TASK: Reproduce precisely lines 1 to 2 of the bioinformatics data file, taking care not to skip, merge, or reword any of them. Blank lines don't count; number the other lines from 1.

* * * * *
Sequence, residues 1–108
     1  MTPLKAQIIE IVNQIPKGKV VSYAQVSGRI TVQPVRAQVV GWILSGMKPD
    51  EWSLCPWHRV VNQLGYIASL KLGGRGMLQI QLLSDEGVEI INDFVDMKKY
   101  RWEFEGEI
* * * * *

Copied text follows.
Sequence, residues 1–108
     1  MTPLKAQIIE IVNQIPKGKV VSYAQVSGRI TVQPVRAQVV GWILSGMKPD